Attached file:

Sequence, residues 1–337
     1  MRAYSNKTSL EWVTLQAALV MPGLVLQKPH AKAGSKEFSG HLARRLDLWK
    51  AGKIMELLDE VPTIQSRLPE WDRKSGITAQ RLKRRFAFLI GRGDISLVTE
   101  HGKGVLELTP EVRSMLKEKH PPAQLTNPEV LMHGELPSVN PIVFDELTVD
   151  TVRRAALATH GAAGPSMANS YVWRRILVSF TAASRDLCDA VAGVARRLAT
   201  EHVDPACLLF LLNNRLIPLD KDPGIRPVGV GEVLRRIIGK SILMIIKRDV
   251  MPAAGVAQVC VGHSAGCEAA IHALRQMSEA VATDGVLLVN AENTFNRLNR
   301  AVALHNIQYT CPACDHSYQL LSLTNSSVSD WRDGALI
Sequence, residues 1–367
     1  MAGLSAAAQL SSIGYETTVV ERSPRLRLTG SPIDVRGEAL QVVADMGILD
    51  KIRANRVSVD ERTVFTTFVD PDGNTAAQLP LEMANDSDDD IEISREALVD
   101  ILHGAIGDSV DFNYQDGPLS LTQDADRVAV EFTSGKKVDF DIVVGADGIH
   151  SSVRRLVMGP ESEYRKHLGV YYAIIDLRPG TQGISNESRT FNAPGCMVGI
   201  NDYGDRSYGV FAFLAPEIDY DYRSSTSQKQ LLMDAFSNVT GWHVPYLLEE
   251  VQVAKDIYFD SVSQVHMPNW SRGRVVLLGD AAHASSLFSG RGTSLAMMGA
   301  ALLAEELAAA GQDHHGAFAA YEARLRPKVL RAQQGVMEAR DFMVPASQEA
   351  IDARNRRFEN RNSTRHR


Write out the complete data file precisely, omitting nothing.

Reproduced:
Sequence, residues 1–337
     1  MRAYSNKTSL EWVTLQAALV MPGLVLQKPH AKAGSKEFSG HLARRLDLWK
    51  AGKIMELLDE VPTIQSRLPE WDRKSGITAQ RLKRRFAFLI GRGDISLVTE
   101  HGKGVLELTP EVRSMLKEKH PPAQLTNPEV LMHGELPSVN PIVFDELTVD
   151  TVRRAALATH GAAGPSMANS YVWRRILVSF TAASRDLCDA VAGVARRLAT
   201  EHVDPACLLF LLNNRLIPLD KDPGIRPVGV GEVLRRIIGK SILMIIKRDV
   251  MPAAGVAQVC VGHSAGCEAA IHALRQMSEA VATDGVLLVN AENTFNRLNR
   301  AVALHNIQYT CPACDHSYQL LSLTNSSVSD WRDGALI
Sequence, residues 1–367
     1  MAGLSAAAQL SSIGYETTVV ERSPRLRLTG SPIDVRGEAL QVVADMGILD
    51  KIRANRVSVD ERTVFTTFVD PDGNTAAQLP LEMANDSDDD IEISREALVD
   101  ILHGAIGDSV DFNYQDGPLS LTQDADRVAV EFTSGKKVDF DIVVGADGIH
   151  SSVRRLVMGP ESEYRKHLGV YYAIIDLRPG TQGISNESRT FNAPGCMVGI
   201  NDYGDRSYGV FAFLAPEIDY DYRSSTSQKQ LLMDAFSNVT GWHVPYLLEE
   251  VQVAKDIYFD SVSQVHMPNW SRGRVVLLGD AAHASSLFSG RGTSLAMMGA
   301  ALLAEELAAA GQDHHGAFAA YEARLRPKVL RAQQGVMEAR DFMVPASQEA
   351  IDARNRRFEN RNSTRHR